Both energy efficiency and environmental impact has a section in the EPC, with an A-G ranking. The former is the main metric used by policymakers, while the latter is less well known but critically focuses on carbon emissions. As the energy efficiency EPC rating has a focus on affordability, cost of energy is a key driver. This means that, rather than recommending the installation of a heat pump by a landlord or homeowner, the EPC could advise a new gas boiler. This means that the EPCs include incentives which at times can directly contradict national decarbonisation objectives.
Furthermore, EPC ratings can be misunderstood by the professionals who are using them due to the fact they are not familiar with the inner workings of the software programme used to calculate the ratings.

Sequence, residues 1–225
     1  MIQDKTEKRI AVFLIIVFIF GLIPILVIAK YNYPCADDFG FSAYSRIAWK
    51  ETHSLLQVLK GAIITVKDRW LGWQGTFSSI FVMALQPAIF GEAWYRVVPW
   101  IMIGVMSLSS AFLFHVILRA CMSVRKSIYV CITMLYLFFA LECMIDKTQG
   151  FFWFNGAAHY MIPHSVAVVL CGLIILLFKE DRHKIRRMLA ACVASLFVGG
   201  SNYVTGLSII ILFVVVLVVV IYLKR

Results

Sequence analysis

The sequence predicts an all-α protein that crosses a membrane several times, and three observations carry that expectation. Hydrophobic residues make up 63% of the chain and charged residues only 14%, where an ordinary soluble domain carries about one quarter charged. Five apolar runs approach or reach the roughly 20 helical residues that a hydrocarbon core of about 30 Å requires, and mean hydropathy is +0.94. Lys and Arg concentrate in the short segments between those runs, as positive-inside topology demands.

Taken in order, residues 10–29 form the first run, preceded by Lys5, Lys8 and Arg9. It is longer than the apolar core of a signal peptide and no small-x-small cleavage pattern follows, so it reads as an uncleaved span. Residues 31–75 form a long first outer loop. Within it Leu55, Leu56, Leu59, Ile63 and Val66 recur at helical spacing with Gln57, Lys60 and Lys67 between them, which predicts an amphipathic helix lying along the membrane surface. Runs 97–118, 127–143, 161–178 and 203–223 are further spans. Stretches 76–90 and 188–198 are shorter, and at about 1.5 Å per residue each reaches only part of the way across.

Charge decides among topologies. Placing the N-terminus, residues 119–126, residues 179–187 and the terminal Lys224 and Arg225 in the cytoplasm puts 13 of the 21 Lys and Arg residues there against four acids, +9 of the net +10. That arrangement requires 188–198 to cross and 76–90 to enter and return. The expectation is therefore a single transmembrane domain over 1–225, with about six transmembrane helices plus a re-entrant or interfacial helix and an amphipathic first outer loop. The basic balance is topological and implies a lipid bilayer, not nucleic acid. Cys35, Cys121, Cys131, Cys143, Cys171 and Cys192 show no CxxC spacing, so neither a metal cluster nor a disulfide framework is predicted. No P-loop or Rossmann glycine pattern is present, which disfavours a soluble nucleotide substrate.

It is also important to note that a property’s age can have a significant impact on its EPC rating, both in terms of energy efficiency and environmental impact. For example, if comparing a Victorian property with a new-build, EPCs provide a general picture on areas such as insulation, but are unable to provide anything at a more detailed level.
In addition, EPCs can sometimes take quite a quite a few shortcuts. They fail to take note of occupancy behaviour and there is no consideration given to the number of solar panels that might be installed in a building. Solar panels that power common parts of a building, such as an apartment block, are not considered, and charging points for electric vehicles are not included in the EPC.
Furthermore, the latest smart-technology electrical heating systems are not recognised by the EPC input tools. As these examples show, managing domestic property energy efficiency and decarbonisation is very nuanced. Is the EPC the right tool for the job?